The Antarctic work expands

The following season a new Lauritzen vessel, Thala Dan, was brought into service for ANARE. The expedition conducted a coastal survey in Oates Land, in the eastern sector of AAT, completed the annual relief of Davis and Mawson stations, and concluded with a survey westward to Enderby Land. This complemented extensive inland surveys that had been completed by the winter parties. Thus, by the time the IGY commenced, Law had established Australia’s ability to visit most parts of the AAT and to collect data simultaneously from a station in the subantarctic, two permanently occupied continental stations, and an automatic weather station which had been installed on Lewis Island in Wilkes Land.

The conclusion of the IGY saw Australia firmly committed to continuing exploration and research in AAT and in 1958 Law was able to negotiate the transfer to Australian administrative control of Wilkes Station which had been established for the IGY by the United States. Wilkes, on the coast of what is now Law Dome, was permanently placed in Australian custody on 4 February 1959.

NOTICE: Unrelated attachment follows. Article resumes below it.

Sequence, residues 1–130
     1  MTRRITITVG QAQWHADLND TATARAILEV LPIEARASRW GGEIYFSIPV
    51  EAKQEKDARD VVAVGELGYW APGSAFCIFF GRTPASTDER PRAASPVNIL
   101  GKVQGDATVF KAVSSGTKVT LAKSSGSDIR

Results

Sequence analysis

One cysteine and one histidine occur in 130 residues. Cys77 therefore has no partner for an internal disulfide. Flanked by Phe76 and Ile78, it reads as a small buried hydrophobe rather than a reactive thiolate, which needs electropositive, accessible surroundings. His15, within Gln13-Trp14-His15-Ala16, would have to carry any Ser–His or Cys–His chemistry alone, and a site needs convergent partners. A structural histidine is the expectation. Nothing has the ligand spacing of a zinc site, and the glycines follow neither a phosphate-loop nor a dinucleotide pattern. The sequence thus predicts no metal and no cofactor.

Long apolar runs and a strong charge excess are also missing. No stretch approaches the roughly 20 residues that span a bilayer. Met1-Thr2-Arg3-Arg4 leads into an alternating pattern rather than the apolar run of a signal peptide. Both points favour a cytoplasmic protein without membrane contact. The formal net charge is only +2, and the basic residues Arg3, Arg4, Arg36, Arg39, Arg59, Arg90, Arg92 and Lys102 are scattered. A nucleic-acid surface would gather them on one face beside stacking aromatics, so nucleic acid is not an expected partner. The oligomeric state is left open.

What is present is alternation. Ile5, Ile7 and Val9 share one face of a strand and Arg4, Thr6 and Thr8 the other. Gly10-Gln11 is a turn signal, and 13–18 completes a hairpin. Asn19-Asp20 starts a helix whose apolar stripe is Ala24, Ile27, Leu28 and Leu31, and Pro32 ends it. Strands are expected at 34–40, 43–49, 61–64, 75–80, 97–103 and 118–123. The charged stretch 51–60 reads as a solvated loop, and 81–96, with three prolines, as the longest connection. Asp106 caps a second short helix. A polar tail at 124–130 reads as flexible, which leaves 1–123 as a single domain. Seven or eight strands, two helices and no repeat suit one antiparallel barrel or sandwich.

The IGY had proved to be a hugely productive scientific experiment and had demonstrated that many nations could amicably work together in the Antarctic. The spirit of cooperation that evolved during IGY prompted proposals that this uniquely successful scheme should be continued. These led ultimately to the signing, by twelve nations, of the Antarctic Treaty in December 1959. Australia’s credibility in Antarctic matters gave it a significant influence in the establishment of the Treaty. When the Treaty was ratified in 1961, Australia had become a leading nation in Antarctic science and exploration.

This page was last modified on July 3, 2014.